Thickest blubber
Balaena mysticetus, Bowhead whale
40 centimetre(s)
Not Applicable ()

The thickest blubber in any animal is possessed by the bowhead whale (Balaena mysticetus), a species of mysticete (aka baleen or toothless) whale native to the Arctic and subarctic marine zones, including those of Russia, Canada and Alaska, USA. Its blubber layer's thickness varies from one body region to another, but at its thickest it is confirmed to attain at least 40 cm (1 ft 3 in), with claims of up to 50 cm (1 ft 7 in) having also been made for this species. The bowhead's closest relatives, the three species of right whale (genus Eubalaena) have also been championed by some researchers for this record, but the majority favour the bowhead (so named, incidentally, because its skull is triangular in shape, like the bow of a ship).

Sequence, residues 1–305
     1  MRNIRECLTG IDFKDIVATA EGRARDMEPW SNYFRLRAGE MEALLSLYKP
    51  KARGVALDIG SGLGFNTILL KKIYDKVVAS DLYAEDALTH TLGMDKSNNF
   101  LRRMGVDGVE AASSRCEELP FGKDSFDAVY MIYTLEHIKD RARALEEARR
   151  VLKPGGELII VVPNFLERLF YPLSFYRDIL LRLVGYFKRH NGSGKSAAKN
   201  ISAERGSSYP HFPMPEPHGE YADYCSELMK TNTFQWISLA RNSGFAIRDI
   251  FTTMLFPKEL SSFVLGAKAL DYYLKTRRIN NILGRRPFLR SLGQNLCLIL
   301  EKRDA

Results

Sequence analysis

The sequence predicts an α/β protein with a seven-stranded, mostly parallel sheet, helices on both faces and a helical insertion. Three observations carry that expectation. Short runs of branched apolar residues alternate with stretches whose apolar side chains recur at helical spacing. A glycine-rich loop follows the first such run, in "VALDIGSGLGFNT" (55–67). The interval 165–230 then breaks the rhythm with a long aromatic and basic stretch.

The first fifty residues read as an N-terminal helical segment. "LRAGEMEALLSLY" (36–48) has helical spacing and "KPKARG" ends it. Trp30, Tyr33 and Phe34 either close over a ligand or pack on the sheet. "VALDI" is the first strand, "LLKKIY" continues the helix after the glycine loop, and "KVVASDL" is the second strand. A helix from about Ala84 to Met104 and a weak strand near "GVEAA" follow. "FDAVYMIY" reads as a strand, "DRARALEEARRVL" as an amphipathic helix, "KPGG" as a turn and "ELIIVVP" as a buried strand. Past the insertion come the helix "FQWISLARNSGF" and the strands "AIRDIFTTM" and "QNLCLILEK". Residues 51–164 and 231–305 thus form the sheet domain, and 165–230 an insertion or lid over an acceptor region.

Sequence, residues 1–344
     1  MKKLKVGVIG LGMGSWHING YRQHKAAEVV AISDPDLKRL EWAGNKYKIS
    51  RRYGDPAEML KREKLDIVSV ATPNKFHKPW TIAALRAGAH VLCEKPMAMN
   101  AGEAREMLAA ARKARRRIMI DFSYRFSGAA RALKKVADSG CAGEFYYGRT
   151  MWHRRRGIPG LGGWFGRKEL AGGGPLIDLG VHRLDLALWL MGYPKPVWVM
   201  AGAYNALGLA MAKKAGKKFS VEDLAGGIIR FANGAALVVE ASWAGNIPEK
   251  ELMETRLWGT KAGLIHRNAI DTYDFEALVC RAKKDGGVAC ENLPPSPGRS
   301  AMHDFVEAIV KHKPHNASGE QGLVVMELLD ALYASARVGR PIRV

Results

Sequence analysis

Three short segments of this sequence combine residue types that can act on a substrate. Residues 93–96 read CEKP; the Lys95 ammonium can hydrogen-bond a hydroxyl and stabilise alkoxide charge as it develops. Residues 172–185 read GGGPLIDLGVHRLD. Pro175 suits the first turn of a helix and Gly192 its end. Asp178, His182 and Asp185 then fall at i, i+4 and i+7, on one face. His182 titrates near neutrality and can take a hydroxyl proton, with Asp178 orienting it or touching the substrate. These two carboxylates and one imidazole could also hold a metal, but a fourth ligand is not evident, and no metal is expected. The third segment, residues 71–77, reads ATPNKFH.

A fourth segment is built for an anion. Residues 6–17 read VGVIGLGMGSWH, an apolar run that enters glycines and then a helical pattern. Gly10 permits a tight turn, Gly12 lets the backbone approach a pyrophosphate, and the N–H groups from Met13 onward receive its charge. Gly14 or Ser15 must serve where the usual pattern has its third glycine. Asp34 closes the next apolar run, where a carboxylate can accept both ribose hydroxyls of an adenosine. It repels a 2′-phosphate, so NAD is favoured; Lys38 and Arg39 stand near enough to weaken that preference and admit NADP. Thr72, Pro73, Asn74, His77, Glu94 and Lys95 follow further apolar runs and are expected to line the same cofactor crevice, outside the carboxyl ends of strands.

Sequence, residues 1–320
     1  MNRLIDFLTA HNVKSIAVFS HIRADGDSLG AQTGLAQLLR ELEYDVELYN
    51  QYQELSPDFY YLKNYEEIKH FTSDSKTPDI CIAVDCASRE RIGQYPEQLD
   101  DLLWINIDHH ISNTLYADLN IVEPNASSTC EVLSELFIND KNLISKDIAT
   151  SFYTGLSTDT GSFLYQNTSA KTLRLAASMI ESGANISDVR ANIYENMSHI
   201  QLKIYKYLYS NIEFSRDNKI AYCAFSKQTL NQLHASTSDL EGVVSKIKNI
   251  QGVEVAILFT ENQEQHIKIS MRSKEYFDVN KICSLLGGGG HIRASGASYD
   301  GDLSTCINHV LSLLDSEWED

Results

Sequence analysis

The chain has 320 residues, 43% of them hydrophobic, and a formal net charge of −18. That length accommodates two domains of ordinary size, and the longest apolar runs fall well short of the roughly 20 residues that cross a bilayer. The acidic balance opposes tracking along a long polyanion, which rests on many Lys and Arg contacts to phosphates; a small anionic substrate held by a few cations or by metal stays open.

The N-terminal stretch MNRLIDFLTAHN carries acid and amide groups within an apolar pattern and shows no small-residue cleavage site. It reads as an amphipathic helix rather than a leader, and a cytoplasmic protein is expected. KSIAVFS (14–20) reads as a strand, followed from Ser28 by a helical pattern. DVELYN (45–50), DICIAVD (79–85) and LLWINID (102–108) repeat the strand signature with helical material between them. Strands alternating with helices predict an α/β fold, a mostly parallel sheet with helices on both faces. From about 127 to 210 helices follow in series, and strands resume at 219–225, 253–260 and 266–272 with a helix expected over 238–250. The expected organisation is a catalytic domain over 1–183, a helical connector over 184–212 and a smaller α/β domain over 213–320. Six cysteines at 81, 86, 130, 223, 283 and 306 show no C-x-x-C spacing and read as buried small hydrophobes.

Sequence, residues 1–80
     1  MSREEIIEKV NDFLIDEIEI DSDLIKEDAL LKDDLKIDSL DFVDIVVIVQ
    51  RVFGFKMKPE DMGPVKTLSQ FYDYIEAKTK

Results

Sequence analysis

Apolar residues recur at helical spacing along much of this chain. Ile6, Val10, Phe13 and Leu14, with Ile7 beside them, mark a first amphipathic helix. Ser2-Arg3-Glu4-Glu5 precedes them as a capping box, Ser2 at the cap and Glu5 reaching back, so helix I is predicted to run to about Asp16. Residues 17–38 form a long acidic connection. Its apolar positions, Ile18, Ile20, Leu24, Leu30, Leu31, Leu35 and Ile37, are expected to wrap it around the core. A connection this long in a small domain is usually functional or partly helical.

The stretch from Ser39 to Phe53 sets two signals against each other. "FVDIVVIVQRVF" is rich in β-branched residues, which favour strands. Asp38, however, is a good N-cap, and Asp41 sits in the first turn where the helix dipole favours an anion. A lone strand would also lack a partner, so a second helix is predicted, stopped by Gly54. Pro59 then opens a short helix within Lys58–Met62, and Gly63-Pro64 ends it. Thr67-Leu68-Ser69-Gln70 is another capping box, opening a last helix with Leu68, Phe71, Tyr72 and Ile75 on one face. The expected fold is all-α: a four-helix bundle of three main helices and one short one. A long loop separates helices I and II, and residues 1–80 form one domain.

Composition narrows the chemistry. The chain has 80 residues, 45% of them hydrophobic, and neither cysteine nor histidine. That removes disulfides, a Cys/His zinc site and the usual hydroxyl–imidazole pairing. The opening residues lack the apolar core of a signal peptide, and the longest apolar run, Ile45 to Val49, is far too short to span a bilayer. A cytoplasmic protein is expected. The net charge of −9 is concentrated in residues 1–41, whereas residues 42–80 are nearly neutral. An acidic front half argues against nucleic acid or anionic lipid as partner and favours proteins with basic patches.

Blubber is only possessed by marine mammals, including cetaceans (whales and dolphins), pinnipeds (seals, sea lions and walruses), and sirenians (sea cows, i.e., manatees and dugongs). Morphologically, blubber consists of vascularized adipose and connective tissue constituting a layer known as the hypodermis, situated directly beneath the true skin's innermost layer, the dermis. Containing more vascularization than normal adipose tissue, its primary functions are thermoregulatory (serving as insulation in cold marine regions) and as fat storage.

Bowhead whales are also the longest-lived mammals with one specimen aged at 211 years old (the median taken from a range between 177 and 245).